Scottsdale district takes first step towards bond package

A view from outside the Mohave District Annex. (photo by Melissa Fittro)

A view from outside the Mohave District Annex. (photo by Melissa Fittro)

The Scottsdale Unified School District recognizes that to compete with the growing number of private schools and to stem the decline of enrollment at its own schools, it will need to upgrade its facilities and improve the quality of the education in the classroom.

But those improvements will cost money, and the SUSD board has begun discussing the possibility of asking voters to approve a $240 million bond package.

The governing board and top district leadership on May 5 heard presentations about items that need replacing due to old age and wear and tear, enrollment trends and school capacities.

The presentations led to the discussion of a possible six-year bond package.

E. Peter Elzi Jr. and Gary Aller of THK Associates out of Aurora, Colo. presented enrollment trends to the board: The district’s declining enrollment trends and predictions for the future, as well as enrollment trends for charter and private schools.

“We’ve got to come to some consensus on where we’re going,” said Mr. Aller referring to SUSD’s downward trend in enrollment. “This is the crux of the matter. You knew that coming into this meeting, I didn’t need to tell you that. But we need to take it head-on as to what we’re going to do, and the assumptions we make, and what the outcome of those assumptions will be, and set those targets and let’s go.”

“We can’t wait. Because you can see what’s happening. You’ve already felt it. If we continue down this path, then the whole plan becomes different, because then it’s shutting schools, laying people off and combining schools as we go down that route.”

As more private/charter schools move into the marketplace, SUSD schools are not the school of choice, said Mr. Aller.

“If nothing changes, they (the charter schools) will continue to grow,” said Mr. Aller. “We have no reason to believe from a trend analysis, to believe anything any different.”

Changes SUSD could make to become more competitive with other schools in the area include upgrading facilities and improving the quality of education in the classroom.

A notice for a special governing board meeting at the Mohave District Annex (photo by Melissa Fittro)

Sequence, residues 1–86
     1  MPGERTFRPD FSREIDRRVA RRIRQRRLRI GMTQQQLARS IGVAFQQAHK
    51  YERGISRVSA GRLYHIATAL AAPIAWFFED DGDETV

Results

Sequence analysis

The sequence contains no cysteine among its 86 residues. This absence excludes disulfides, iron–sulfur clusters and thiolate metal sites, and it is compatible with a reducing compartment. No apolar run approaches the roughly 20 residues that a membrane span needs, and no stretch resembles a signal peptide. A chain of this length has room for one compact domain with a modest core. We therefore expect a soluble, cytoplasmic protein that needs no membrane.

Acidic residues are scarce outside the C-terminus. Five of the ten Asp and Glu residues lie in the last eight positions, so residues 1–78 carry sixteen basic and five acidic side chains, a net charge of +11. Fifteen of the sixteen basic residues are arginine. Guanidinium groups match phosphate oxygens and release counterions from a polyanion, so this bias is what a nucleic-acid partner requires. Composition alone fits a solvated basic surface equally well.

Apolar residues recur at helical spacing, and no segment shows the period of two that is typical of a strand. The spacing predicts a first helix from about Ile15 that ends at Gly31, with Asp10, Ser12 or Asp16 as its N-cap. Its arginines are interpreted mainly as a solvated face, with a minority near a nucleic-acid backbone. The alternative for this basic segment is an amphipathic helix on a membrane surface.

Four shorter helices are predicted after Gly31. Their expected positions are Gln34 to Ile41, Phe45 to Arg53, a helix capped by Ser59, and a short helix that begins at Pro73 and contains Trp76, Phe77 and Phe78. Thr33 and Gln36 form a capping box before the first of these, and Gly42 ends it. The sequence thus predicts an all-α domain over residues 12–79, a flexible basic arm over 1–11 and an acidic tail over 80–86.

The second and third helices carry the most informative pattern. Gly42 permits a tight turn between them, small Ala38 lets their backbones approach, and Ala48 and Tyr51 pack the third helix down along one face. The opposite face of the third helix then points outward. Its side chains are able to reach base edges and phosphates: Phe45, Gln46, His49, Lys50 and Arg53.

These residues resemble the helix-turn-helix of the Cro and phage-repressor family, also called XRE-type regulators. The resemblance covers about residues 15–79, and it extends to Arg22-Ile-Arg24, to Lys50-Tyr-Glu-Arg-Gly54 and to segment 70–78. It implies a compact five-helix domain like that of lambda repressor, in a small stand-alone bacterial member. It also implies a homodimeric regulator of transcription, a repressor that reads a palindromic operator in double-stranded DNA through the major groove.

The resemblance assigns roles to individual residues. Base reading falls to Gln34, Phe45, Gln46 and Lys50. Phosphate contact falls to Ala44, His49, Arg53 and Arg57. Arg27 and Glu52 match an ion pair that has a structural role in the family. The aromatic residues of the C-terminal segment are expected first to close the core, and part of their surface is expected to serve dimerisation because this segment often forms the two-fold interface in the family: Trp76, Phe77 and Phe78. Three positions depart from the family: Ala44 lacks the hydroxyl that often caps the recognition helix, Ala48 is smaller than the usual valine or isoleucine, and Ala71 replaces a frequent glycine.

A notice for a special governing board meeting at the Mohave District Annex (photo by Melissa Fittro)

“Number one, the charters are building new schools,” said Mr. Aller. “So they have brand new schools, that’s attractive to a parent.”

“We have some schools in the district that perform incredibly well. But, on average (charter schools) are creating a competition that we’re not matching — that’s instructional and curriculum.”

Mr. Aller says the district could continue to upgrade facilities to keep up with the market place, but that is only one subjective item.

“The other thing we talked about is working in the classroom to make the classroom a preferred place for a parent to send their child,” said Mr. Aller. “If we invest in them — not just new schools, but invest in the classroom — in the next 10 years, we can turn that tide.”

Dr. Denise Birdwell, SUSD interim superintendent, says the in-house programs and instructions are not getting the outcomes they’re looking for so far, but she sees opportunity within the district.

“I see this as an opportunity,” said Dr. Birdwell. “To me, this is exciting work to do. When our leadership team gets together now, we get excited about it. We are excited about the challenges that sit before us, because we know we can do something. And we know the board has that vision to make the improvements. This is just a piece of it.”

Beginning the conversation

Chief Financial Officer Daniel O’Brien presented the draft of a proposed bond initiative, a six-year $240 million dollar package.

Among the items addressed in the bond:

  • Rebuild and renovate facilities;
  • Refresh the transportation fleet;
  • Update security and safety.

The district will sell six bonds over six years — one $40 million bond each year. If approved, officials say it could change the assessed valuation charged by the district.

Officials say the discussion points are preliminary at this point and could change over time.

“It’s a high view, to get thinking about it, and then as we go and we get through the community and stuff, and get toward the end of May and right into June, we’ll have this more refined,” said Mr. O’Brien.

Dr. Birdwell agrees that it will be important to share information with the community.

“My experience has been, communities are going to want to say, ‘how does that effect my school? I see that you’ve got building renewal up there, I see that you’ve got renovations, but did my school make the list?’” said Dr. Birdwell. “So when we do the community meetings we’re going to give them that. Here’s what we’ve heard from your principals, here’s the discussion we’re going to be having with our governing board, have we left something off this list that you’re aware of?”

“So you will, before a June vote, see the details of how it will touch every single learning community.”

The district is planning to host five informational bond planning meetings for the community.

The upcoming meetings are 6-8 p.m. on:

  • May 9 at Coronado High School, 7501 E. Virginia Ave.
  • May 11 at Saguaro High School, 6250 N. 82nd St.
  • May 12 at Arcadia High School, 4703 E. Indian School Road.
  • May 17 at Chaparral High School, 6935 E. Gold Dust Ave.
  • May 18 at Desert Mountain High School, 12575 E. Via Linda in Scottsdale.

The meetings will include a presentation from Dr. Birdwell and Mr. O’Brien, followed by a Q&A session for the public. SUSD Administrators will also be present.

Northeast Valley News Editor Melissa Rosequist can be e-mailed at or can be followed on Twitter at

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